Prepared by Rabbis Steven Kane, Robert Scheinberg, and Deborah Silver and Hazzan Scott Sokol
Please note that this is not an official responsum of the CJLS.
An in-person High Holy Day experience for the year 5781/2020 is likely to need to be as short as possible. Current medical understanding tells us that — even under conditions of physical distancing — the longer the in-person gathering, the greater the likelihood of infection. Additionally, many synagogues contemplating in-person services are considering having multiple seatings in synagogue spaces with cleaning and disinfecting in between, as an additional motivation for having shorter prayer experiences. Communities that have already decided to have their High Holy Day services take place primarily or exclusively on-line may also have motivations to make those experiences shorter than a standard synagogue service would be, because of the limitations of the on-line format.
We hope these recommendations provide tools for the decision-makers in each community to make decisions appropriate for that community to shorten the experience, in line with our tradition’s guidelines about what are the indispensable elements of the experience. Below are some principles for consideration when planning the length and content of High Holy Day services this year, followed by some sample outlines that some communities may choose to use, understanding that each community’s decisions are likely to be different.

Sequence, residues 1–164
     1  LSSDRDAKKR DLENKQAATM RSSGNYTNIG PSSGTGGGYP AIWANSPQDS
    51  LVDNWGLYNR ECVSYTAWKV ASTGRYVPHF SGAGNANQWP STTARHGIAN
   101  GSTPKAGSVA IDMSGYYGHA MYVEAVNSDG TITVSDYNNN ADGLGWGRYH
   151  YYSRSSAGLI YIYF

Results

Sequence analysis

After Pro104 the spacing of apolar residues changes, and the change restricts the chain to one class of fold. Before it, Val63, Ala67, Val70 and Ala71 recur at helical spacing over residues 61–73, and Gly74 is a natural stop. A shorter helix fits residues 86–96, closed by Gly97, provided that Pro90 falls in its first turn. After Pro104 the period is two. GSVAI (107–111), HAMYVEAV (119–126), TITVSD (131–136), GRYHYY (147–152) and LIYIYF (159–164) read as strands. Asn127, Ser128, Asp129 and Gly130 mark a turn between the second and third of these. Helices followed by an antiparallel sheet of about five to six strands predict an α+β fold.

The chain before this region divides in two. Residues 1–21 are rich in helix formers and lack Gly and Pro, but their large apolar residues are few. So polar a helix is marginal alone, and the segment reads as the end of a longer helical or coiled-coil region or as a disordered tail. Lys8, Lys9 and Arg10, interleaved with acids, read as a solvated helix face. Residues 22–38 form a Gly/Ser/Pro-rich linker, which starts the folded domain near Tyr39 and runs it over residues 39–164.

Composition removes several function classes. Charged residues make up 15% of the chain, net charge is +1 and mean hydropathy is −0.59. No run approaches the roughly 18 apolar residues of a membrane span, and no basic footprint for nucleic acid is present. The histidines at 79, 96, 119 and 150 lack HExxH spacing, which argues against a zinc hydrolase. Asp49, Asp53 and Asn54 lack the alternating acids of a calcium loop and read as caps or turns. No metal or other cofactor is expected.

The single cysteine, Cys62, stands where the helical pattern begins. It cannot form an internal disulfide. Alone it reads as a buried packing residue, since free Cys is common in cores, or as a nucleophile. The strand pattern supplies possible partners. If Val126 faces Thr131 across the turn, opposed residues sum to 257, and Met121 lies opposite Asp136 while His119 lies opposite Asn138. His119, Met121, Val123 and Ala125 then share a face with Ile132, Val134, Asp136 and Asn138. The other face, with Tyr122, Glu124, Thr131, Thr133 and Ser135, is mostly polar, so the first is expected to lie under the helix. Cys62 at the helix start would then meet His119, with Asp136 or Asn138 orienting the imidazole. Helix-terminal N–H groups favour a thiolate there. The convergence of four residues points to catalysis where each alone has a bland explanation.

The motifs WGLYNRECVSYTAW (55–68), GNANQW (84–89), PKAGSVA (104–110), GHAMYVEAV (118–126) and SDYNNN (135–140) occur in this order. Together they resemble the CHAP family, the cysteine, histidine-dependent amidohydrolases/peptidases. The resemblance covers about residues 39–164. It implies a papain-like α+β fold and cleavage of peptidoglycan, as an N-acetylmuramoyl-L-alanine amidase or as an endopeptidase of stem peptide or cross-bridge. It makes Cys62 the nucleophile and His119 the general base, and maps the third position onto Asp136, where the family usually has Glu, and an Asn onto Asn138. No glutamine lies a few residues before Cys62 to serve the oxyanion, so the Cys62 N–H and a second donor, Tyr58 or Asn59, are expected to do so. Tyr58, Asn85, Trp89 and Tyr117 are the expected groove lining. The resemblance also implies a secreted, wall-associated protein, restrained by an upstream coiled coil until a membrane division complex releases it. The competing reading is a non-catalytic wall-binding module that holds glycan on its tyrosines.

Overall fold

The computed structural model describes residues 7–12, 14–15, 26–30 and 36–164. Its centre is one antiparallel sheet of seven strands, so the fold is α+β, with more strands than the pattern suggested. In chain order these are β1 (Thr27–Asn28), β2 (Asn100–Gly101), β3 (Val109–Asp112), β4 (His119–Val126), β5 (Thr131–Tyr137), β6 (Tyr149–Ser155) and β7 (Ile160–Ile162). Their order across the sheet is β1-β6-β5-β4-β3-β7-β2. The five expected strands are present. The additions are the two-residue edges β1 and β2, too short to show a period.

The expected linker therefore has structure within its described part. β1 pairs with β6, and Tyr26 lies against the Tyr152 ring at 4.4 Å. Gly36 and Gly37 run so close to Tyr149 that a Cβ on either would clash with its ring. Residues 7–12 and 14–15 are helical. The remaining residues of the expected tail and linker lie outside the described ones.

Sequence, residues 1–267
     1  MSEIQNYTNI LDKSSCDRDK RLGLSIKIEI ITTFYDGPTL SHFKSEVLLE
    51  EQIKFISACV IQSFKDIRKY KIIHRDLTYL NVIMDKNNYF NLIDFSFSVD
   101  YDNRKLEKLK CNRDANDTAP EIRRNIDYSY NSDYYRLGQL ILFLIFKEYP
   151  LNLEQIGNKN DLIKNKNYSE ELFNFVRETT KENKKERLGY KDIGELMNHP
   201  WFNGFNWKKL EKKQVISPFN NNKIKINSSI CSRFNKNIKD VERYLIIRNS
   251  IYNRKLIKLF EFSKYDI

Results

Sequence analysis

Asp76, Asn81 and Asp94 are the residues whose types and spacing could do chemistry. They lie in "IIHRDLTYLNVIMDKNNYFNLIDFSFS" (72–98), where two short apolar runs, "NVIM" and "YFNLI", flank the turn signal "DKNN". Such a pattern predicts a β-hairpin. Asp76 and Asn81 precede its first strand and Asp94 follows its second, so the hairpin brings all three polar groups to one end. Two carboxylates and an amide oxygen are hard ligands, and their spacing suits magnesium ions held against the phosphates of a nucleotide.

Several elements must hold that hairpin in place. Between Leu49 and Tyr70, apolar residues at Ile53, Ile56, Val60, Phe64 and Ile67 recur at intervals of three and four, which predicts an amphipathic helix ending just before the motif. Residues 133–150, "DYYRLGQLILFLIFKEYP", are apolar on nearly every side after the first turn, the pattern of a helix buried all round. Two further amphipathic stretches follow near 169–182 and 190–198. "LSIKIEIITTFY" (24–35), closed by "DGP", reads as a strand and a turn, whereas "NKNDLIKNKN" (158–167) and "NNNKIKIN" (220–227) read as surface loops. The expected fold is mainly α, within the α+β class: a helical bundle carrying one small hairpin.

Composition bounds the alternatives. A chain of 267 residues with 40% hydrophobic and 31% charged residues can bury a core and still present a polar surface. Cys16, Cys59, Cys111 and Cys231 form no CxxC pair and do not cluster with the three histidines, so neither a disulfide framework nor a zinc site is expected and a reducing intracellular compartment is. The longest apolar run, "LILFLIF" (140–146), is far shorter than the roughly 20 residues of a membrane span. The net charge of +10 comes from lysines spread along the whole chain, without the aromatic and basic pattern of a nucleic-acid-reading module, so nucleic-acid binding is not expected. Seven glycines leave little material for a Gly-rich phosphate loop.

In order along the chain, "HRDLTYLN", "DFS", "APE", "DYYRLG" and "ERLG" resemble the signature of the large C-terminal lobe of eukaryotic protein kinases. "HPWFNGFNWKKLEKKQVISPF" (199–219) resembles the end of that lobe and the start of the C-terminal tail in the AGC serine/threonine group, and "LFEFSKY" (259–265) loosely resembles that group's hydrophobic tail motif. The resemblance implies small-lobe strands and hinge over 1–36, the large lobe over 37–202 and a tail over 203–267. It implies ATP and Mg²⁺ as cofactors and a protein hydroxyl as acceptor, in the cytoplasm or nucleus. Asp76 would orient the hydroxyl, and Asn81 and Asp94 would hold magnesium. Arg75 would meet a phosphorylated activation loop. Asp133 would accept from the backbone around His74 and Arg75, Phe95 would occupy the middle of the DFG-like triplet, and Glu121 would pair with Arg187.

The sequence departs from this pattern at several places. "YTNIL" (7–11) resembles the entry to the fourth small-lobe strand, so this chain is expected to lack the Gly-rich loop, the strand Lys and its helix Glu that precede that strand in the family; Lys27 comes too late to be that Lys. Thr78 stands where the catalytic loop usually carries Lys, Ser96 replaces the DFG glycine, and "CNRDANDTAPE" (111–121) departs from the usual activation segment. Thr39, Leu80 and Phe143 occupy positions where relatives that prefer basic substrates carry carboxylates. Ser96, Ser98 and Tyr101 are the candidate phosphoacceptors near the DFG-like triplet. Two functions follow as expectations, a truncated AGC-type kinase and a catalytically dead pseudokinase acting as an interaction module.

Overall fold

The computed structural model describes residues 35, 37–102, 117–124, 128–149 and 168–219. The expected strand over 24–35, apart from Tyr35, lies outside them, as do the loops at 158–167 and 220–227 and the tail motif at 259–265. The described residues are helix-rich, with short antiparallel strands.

Principles to consider when making liturgical decisions for these High Holy Days:
1. NO ACTIVITY SHOULD TAKE PLACE UNLESS IT MEETS THE HIGHEST STANDARDS FOR HEALTH AND SAFETY.
As indicated in other parts of these CJLS guidelines, health and safety should be regarded as overarching values in all synagogue decision-making. This would be true at any time of the Jewish year; the High Holy Days, of course, is the period when repeatedly we say זכרנו לחיים מלך חפץ בחיים וכתבנו בספר החיים למענך א-לקים חיים. “Remember us for life, Sovereign who delights in life, and write us in the book of life, for Your sake, God of life.” Every decision must be consonant with the value we place on every human life. Those who are contemplating any kind of in-person experience must carefully evaluate current information about distancing, masks, and virus transmission through means like speaking, singing, and Shofar blowing, and develop detailed plans validated by community medical teams that are not only safe, but realistic to implement. See the CJLS letters of guidance on Clergy and Shelihei Tzibbur, Choirs, and Shofar.
Since medical science and guidelines are developing and changing, rabbis and lay leaders are advised to consult with their national and local medical authorities for guidance as it is updated and revised.
The following information from the Secure Community Network (SCN) will help in thinking through reopening buildings and resuming in-person activities:
- “Overview of considerations for resumption of operations and organizational re-opening” was created by the SCN national working group, which includes USCJ.